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Industryrial Relations stock-xchng1998 - Industrial Relations Now - download PDF Word
At the centre of the Christian story is Jesus Christ, a working man from Nazareth, the son of Joseph the carpenter. On the first of May the Church celebrates the feast of St Joseph the Worker. It is a good time for us to recall the teaching of the Church about the nature and dignity of work, about the rights and duties of workers and employers, and about the role of trade unions, governments, and industrial relations processes and institutions.

Work is the key to building a just society.1 This is why teachings about work and the rights and duties of workers and employers have been central to the teaching of the Church about social justice.

Work is important for many reasons. It is our right and our vocation, it is a way in which we express ourselves and grow as persons. It is a way in which we come into relationship with others and contribute to the common good. And it is how most of us have access to the necessities of life.2

Workers, employers and governments all have different roles to play in the world of work. Their rights and duties are interconnected, and all have a part to play in the resolution of industrial disputes.

The nature and dignity of work

Work is a vocation

We are all called to work. It is part of our vocation as Christians to participate with God in the ongoing act of creation.3

Work should not be defined or valued by whether or not one is paid for one’s efforts. Those who without pay care for children, the elderly or the infirm, those who are volunteers in all kinds of community activities, are workers too. This often unpaid work is of great importance to our society, and it is frequently done by women who do not necessarily see themselves (and are unfortunately often not seen by others) as workers.4

People need to work, not just to earn money for the necessities of life, but also to fulfil their calling to share in the creative activity of God.5

Work is to serve people

People are central to the Church’s teaching about work. They are not just instruments, or providers of labour, they are important in themselves. They are always more important than things. This is why John Paul II and previous Popes talk about the dignity of work and the priority of labour over capital.6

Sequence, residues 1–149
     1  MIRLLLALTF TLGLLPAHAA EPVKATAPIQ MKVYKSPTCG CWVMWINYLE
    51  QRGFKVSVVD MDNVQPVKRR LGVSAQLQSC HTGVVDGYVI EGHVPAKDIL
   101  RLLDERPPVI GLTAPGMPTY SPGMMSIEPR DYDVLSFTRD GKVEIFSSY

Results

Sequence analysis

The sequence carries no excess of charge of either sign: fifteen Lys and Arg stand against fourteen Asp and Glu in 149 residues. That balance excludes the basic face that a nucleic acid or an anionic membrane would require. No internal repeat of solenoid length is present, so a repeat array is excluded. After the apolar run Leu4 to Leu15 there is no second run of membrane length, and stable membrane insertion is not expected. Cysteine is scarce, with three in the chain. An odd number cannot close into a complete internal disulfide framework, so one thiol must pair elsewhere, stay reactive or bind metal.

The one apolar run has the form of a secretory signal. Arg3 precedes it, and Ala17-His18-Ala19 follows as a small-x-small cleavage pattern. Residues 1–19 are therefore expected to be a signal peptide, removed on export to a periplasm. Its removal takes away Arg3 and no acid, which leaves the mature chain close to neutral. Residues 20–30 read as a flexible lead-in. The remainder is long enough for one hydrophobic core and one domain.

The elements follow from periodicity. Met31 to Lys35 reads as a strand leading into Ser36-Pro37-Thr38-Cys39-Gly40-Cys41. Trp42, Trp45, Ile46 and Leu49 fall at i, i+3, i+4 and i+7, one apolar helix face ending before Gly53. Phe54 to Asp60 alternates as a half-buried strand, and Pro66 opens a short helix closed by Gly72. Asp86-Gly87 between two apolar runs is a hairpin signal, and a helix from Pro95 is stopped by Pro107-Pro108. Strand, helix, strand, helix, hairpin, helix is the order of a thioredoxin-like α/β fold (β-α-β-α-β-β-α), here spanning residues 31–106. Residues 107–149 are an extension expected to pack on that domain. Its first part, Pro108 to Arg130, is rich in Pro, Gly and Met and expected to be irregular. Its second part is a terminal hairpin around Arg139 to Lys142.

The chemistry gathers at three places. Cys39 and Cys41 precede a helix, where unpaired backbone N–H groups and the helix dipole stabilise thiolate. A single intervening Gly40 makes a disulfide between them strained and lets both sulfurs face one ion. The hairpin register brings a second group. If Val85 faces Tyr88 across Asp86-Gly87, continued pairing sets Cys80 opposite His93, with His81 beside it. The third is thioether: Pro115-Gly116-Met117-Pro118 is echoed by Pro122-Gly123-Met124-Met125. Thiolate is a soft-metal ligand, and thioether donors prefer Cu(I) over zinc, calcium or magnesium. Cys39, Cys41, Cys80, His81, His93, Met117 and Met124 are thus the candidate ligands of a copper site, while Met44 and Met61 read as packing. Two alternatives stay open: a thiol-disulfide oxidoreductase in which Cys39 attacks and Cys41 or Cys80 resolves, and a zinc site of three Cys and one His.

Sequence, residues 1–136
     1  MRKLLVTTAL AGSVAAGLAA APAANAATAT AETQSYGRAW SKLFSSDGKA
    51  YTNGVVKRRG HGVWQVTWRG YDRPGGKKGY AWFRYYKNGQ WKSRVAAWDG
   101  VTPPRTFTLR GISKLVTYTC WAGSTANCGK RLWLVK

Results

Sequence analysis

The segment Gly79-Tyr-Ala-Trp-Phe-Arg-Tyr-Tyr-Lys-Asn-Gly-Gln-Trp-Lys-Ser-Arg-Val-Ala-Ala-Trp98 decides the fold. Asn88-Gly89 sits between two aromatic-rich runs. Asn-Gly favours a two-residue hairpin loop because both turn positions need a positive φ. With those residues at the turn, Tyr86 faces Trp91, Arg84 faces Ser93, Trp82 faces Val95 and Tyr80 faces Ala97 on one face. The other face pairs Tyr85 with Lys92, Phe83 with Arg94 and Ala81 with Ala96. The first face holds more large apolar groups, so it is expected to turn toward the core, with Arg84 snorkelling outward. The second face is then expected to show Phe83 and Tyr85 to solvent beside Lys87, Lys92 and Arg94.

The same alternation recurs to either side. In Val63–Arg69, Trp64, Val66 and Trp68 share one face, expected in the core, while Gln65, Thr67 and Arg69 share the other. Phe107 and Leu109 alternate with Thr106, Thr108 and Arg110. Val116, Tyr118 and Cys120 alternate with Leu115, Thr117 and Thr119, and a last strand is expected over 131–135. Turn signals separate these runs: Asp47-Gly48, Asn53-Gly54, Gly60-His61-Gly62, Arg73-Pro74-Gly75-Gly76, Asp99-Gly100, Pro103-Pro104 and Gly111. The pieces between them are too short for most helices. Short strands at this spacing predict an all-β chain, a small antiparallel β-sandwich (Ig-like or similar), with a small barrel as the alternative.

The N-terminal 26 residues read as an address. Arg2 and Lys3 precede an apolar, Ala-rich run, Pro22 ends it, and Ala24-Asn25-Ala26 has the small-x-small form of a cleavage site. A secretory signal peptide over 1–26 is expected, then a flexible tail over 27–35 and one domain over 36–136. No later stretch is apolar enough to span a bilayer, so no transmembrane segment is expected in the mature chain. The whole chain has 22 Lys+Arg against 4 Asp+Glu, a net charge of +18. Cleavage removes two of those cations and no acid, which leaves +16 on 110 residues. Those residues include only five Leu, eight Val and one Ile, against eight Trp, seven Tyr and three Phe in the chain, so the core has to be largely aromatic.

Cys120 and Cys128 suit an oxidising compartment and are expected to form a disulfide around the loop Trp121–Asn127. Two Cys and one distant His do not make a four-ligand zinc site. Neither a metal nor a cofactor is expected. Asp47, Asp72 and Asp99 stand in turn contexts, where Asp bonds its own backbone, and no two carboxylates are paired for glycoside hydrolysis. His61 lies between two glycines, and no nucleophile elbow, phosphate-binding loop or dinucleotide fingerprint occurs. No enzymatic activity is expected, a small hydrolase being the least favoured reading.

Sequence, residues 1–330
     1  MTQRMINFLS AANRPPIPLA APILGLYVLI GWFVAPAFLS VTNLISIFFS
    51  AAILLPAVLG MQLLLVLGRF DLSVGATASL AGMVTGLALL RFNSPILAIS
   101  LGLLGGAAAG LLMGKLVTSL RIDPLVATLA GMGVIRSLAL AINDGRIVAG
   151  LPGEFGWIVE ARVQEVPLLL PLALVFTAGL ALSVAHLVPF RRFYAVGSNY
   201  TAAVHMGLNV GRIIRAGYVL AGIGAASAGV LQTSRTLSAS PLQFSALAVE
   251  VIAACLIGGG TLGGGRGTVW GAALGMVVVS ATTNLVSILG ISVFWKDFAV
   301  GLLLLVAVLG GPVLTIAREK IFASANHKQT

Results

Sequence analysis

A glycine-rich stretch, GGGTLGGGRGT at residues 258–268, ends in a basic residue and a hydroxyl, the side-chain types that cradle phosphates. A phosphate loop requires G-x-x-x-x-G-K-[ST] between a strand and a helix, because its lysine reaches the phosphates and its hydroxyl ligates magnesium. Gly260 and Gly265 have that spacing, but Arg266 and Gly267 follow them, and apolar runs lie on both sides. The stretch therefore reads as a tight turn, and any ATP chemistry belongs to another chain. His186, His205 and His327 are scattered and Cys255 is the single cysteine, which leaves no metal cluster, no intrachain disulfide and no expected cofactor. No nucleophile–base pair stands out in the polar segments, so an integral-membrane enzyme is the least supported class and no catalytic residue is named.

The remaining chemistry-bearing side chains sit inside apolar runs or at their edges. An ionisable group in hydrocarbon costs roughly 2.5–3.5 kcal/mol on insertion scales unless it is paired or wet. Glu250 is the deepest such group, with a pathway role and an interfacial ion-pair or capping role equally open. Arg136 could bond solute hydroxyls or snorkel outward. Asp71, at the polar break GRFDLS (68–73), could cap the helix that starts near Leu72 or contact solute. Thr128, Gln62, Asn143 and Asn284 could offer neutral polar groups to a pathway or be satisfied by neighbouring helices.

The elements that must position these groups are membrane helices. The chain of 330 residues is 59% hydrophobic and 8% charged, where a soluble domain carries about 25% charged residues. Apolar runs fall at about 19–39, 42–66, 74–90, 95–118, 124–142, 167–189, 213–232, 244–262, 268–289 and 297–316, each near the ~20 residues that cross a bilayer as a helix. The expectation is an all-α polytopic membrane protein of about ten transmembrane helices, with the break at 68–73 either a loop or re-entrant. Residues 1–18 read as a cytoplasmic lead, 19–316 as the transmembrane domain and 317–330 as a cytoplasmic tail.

Work should be for the benefit of people rather than people being at the service of work.7 Work and employment opportunities should be structured around human needs, and the whole economy should be harnessed to the service of the human person.8 Work should be organised so that it provides opportunities for self expression and growth rather than being mindless, soul-destroying drudgery. It should support rather than hinder family life. To put ‘the needs of the economy’ before people is fundamentally to confuse means and ends.

Work is for the whole community

Work is not just a private matter for individuals. We work not only for our own benefit but also for our families and communities. Our work is a way of making a contribution to society.9

Our work brings us into relationship with other people. Our relationships with colleagues, supervisors or subordinates, and employers or employees make a big difference to our lives and to the life of our society. Problems of industrial relations and unemployment are not private, individual matters, they concern the whole community.

This is what John Paul II means when he speaks of work being communal.10

Work provides necessities

We earn our bread by the sweat of our brows. In a non-subsistence economy like ours it is critically important that just wages be paid.11 From the dawn of the industrial era the Church has recognised the importance of just wages to ensure that everyone has access to the goods of the earth that were intended by God for the use of all.12 In more recent years the Church has also recognised the important place of the ‘social wage’ in ensuring that everyone is adequately provided for.13